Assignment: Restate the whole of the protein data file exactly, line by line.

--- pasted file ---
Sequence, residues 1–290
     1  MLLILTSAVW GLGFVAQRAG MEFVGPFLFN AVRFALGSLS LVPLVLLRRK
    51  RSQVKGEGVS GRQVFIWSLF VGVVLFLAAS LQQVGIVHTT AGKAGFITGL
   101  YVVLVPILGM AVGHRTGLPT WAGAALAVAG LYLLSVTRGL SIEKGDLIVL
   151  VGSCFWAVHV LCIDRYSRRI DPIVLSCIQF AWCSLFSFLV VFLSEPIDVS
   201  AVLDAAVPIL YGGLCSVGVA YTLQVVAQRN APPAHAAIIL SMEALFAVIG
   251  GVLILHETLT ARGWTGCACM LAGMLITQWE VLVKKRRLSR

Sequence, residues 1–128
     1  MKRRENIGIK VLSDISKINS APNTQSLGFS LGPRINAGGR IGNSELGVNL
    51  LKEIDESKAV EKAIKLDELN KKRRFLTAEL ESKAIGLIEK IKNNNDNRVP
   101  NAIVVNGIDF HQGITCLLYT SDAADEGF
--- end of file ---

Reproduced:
Sequence, residues 1–290
     1  MLLILTSAVW GLGFVAQRAG MEFVGPFLFN AVRFALGSLS LVPLVLLRRK
    51  RSQVKGEGVS GRQVFIWSLF VGVVLFLAAS LQQVGIVHTT AGKAGFITGL
   101  YVVLVPILGM AVGHRTGLPT WAGAALAVAG LYLLSVTRGL SIEKGDLIVL
   151  VGSCFWAVHV LCIDRYSRRI DPIVLSCIQF AWCSLFSFLV VFLSEPIDVS
   201  AVLDAAVPIL YGGLCSVGVA YTLQVVAQRN APPAHAAIIL SMEALFAVIG
   251  GVLILHETLT ARGWTGCACM LAGMLITQWE VLVKKRRLSR

Sequence, residues 1–128
     1  MKRRENIGIK VLSDISKINS APNTQSLGFS LGPRINAGGR IGNSELGVNL
    51  LKEIDESKAV EKAIKLDELN KKRRFLTAEL ESKAIGLIEK IKNNNDNRVP
   101  NAIVVNGIDF HQGITCLLYT SDAADEGF